A converted warehouse in Tacoma, Wash., becomes a window on the Maine coastline. Look closer, and you see its rooms populated by penguins, which Rose painstakingly silhouetted, separating each bird from its Antarctic background.
When she lived in Hoboken, much of her art focused on that area, using photos of New Jersey buildings and the city’s favorite son, Frank Sinatra.
Now that she is a member of the Rochester community, Rose is inspired by the local area to include images she uncovers here. With her nephew’s help, she is exploring Rochester landmarks to photograph, such as old buildings and waterfalls.
“The Genesee River” features a found image of an abandoned European building with a view of the Frederick Douglass–Susan B. Anthony Memorial Bridge out the windows. The walls of the building are adorned with graffiti of a grinning octopus Rose discovered in a blocked-off station for the now-defunct Rochester subway.
“Who knew there even was a subway here?” she asks with delight. “I snaked my arm through the gate closing it off, all the while shooting images of the graffiti on the walls.” Rose grins at the thought of how, if caught, she would explain why she was sneaking around an abandoned subway stop.
Despite the speed of computer operations, her artwork takes weeks or months to complete. Rose hangs different versions of the montages up on her studio walls, as she lets the combinations “percolate,” and she studies tweaks she can do to make them better.
“There are so many things you can do: you have to know when to stop,” she says. Rose will often work late into the evening in her home studio, which holds her computer and photographic equipment.
Rose quotes the artist Ben Shahn, who once told her that the key to being a successful artist is “having a working spouse.” But, despite the stability offered by her husband’s career, she is proud to have always made a living using her art. Her paintings, etchings and decorative objects were sold through art consultants, interior designers and print publishers. At one point she even went to work in a frame shop to learn to make her own frames.
After years in the Metropolitan New York art scene, which she described as “very competitive, almost cutthroat,” Rose is pleasantly surprised at the welcoming nature of the Rochester community of artists.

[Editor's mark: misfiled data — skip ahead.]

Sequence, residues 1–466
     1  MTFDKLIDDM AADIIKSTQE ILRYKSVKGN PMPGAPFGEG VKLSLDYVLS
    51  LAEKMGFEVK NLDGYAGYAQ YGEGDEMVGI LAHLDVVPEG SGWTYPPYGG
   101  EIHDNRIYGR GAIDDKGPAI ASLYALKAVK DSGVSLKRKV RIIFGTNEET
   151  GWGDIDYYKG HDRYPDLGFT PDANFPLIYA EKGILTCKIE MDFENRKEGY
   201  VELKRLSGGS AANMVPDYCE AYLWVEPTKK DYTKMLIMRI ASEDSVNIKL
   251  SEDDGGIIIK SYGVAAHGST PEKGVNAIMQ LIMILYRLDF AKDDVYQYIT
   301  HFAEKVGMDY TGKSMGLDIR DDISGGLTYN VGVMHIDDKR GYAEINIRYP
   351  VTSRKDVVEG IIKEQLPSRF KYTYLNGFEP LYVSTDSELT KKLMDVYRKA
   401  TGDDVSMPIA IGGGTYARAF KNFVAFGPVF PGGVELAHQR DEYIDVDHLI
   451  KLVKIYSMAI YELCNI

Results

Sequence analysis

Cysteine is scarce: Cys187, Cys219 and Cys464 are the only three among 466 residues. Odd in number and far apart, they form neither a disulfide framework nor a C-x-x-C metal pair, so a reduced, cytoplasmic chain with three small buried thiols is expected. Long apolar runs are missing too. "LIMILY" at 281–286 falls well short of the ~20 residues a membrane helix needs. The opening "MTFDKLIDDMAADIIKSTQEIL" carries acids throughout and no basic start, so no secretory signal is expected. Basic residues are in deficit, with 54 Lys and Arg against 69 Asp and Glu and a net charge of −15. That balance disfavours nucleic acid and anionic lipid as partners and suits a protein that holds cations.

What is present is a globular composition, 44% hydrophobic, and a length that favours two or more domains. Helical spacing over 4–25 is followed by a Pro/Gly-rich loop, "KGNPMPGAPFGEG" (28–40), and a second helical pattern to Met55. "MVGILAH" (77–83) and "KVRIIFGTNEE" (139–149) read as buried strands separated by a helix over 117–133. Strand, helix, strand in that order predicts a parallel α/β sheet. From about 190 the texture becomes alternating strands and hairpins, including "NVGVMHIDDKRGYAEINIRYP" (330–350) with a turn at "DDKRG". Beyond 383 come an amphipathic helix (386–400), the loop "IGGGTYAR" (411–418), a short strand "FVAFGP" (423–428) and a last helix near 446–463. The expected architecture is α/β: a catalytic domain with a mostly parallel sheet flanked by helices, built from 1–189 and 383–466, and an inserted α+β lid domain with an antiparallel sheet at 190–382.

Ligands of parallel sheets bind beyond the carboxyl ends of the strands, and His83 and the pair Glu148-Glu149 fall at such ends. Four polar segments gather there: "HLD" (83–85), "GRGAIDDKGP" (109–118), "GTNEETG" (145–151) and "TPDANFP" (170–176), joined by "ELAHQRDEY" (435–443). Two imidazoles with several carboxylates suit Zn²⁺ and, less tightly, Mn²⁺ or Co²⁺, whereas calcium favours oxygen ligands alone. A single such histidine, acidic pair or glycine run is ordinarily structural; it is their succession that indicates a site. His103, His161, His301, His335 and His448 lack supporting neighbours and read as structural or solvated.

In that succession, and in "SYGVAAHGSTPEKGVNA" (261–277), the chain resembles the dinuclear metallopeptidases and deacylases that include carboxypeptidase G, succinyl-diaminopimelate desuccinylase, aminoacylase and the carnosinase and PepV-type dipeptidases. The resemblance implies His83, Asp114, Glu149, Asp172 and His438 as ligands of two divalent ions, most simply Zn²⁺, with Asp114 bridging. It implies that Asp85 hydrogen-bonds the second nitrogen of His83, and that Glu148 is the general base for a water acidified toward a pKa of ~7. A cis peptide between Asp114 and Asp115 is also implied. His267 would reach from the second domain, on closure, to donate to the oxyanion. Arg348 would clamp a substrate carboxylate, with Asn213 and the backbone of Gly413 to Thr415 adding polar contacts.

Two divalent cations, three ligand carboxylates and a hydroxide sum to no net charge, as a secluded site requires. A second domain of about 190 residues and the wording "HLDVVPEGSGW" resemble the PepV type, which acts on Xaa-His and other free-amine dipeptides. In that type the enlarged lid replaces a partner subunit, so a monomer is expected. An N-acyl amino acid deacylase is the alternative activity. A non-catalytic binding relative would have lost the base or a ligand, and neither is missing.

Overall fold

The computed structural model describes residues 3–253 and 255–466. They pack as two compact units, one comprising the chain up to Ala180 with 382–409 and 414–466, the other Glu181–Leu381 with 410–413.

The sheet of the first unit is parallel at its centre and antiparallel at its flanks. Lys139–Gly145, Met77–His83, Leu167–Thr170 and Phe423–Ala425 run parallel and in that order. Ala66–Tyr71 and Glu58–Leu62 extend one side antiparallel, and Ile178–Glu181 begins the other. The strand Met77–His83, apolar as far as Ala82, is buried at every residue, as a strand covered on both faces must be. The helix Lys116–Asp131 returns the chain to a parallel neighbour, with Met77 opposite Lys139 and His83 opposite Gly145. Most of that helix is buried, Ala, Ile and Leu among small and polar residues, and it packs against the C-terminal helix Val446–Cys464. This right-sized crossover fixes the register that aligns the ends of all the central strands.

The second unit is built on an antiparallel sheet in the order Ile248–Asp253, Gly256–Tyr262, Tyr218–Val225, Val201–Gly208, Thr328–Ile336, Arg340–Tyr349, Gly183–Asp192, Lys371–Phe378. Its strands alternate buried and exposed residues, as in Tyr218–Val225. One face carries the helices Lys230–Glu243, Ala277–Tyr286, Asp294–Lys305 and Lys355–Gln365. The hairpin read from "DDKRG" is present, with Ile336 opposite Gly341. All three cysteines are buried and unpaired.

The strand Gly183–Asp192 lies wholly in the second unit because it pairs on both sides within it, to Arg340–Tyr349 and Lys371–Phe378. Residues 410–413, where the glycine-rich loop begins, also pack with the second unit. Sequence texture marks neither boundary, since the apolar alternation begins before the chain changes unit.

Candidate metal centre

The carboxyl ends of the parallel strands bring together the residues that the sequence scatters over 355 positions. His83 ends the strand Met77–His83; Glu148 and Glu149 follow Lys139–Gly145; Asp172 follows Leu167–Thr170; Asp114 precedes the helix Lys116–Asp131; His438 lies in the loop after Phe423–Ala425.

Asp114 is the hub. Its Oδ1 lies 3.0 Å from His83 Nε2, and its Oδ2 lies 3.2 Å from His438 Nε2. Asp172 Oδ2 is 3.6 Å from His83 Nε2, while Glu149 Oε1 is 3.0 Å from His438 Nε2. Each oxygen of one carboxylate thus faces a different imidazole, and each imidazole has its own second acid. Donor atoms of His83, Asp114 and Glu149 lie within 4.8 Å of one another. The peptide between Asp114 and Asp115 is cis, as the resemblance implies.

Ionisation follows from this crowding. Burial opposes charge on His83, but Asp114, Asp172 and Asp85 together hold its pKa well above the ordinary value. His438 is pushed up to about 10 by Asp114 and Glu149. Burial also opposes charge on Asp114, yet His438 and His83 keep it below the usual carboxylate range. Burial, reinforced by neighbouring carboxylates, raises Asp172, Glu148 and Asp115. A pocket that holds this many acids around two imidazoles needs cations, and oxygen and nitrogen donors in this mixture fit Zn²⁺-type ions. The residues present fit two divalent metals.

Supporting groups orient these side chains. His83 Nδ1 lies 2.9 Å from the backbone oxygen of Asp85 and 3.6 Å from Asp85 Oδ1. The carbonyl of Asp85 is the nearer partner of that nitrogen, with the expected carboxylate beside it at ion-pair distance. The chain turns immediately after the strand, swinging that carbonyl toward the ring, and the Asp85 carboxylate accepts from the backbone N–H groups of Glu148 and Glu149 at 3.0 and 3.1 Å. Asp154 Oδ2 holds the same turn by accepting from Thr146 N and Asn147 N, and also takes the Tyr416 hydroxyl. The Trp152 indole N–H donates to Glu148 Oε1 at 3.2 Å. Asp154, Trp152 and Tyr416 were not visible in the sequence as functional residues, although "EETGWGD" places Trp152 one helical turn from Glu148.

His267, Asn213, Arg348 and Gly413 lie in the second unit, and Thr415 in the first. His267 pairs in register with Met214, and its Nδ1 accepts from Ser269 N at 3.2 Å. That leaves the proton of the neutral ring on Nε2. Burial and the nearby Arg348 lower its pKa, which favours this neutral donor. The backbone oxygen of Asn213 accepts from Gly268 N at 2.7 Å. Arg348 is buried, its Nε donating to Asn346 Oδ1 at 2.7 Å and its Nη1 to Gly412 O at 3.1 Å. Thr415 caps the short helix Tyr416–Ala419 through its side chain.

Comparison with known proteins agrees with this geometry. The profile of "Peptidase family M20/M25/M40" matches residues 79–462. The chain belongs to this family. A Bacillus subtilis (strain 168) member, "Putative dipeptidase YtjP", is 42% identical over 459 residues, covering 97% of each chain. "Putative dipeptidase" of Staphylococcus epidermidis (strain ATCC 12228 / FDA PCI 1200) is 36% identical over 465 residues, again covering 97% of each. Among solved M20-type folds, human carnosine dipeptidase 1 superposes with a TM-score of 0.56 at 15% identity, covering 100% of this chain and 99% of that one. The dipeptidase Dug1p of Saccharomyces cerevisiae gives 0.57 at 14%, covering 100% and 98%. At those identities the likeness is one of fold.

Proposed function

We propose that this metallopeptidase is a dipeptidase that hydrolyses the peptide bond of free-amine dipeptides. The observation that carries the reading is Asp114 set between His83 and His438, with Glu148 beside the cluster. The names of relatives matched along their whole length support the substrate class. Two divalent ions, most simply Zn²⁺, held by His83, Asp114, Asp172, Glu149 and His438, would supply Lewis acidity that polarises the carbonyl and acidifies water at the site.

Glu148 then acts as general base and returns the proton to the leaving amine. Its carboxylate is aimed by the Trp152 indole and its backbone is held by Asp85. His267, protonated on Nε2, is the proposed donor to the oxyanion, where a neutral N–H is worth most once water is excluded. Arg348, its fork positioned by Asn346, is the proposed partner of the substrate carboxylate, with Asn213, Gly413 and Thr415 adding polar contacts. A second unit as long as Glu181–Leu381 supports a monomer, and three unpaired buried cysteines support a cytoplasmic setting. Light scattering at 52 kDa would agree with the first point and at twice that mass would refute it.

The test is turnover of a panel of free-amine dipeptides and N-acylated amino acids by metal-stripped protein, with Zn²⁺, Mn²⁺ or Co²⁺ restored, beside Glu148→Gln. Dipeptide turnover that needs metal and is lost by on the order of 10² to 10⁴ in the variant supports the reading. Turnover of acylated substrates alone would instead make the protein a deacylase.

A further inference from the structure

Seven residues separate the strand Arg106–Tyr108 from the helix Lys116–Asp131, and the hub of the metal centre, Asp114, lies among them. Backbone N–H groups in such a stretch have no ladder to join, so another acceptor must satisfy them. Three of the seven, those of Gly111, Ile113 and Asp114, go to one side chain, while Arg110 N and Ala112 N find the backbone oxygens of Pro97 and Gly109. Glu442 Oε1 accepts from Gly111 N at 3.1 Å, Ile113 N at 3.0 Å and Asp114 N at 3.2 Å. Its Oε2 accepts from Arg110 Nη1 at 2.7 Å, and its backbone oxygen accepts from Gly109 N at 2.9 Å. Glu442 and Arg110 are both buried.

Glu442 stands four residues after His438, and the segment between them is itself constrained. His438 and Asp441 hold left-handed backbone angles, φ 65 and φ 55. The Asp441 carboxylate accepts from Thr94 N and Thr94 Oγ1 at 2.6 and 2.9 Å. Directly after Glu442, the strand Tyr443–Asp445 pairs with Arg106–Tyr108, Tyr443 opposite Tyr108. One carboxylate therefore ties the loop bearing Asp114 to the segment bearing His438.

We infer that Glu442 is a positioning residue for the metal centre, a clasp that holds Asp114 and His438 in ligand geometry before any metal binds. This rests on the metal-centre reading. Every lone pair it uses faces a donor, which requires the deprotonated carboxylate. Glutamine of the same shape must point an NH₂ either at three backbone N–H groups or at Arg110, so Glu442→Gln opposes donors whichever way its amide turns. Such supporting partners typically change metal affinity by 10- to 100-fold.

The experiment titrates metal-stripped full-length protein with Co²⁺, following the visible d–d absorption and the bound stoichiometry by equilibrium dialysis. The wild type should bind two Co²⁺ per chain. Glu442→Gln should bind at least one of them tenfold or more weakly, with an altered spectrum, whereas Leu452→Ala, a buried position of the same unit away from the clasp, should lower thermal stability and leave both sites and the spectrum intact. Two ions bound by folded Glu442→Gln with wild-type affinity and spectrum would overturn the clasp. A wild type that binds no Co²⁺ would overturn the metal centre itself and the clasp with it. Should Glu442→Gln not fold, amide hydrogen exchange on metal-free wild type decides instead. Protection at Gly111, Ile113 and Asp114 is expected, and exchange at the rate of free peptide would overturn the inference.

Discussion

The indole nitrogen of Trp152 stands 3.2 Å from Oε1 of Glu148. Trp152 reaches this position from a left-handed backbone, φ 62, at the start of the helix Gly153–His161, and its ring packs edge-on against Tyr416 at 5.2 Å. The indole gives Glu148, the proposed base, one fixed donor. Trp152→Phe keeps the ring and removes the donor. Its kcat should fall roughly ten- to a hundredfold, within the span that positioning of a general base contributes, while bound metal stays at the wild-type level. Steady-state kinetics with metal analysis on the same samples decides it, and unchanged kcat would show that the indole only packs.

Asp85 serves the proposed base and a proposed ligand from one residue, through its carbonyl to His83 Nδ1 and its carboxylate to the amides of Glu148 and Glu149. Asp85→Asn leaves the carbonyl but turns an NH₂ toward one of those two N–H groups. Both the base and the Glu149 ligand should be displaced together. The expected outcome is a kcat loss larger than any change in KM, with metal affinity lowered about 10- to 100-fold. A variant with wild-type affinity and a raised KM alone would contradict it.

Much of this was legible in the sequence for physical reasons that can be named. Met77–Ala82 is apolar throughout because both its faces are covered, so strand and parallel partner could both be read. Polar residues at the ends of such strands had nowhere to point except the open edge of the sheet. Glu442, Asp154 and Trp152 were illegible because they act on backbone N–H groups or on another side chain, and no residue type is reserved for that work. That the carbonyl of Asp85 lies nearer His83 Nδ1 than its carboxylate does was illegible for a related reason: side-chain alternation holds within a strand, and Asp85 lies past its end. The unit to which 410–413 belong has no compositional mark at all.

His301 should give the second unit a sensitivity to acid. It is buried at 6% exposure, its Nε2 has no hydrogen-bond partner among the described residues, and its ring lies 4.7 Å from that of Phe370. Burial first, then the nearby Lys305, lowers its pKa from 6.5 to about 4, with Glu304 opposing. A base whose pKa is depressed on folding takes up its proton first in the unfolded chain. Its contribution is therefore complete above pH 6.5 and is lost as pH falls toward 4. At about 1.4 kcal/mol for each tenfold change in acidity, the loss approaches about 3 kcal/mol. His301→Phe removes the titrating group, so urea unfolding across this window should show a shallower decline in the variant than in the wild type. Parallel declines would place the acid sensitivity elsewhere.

When she first arrived in town, she made her way around the buildings housing workspaces, looking for a space for her atelier. Other artists welcomed her and made suggestions, including leading her to her current studio. “If you are having an exhibit, they will send out notices to their mailing lists, and they will invite you to take part in group exhibitions,” she says of the collegial atmosphere.
Rose has been successful on a high level, having exhibited across the country, garnering top awards, including Best in Show at the 2015 International Society of Experimental Art. An etching of owls became a worldwide hit as a UNICEF card. Her artwork has been in many private collections from New Jersey to Texas to Georgia, and even Citibank of New York’s Moscow branch in Russia. Currently, her “Spirit of the Sea” is on exhibition around New York state until November as part of the 2017 Art Exhibit and Competition sponsored by LeadingAge NY.
Listed in Who’s Who for Achievements in Art, she is a former vice president of the National Association of Women Artists.
A founding member of the Hoboken artist co-op, hob’art, Rose has always been active in her community and continues so in Rochester.
Now a resident of the independent living community of St. John’s Meadows, she is a member of the Art Committee there. “If I’m going to be in a group, I’m not going to just sit back,” she says.
Sitting back doesn’t seem to be in the DNA of this art dynamo. Look for more from Rose at Rochester art events in the coming months and years as she continues to fulfill the prophecy of that second-grade teacher.
Read more about Roslyn Rose’s art in her blog at
See galleries of her art at www.roslynrose.com
Like her on Facebook: www.facebook.com/roslyn.rose
Follow her on Twitter @jersey artist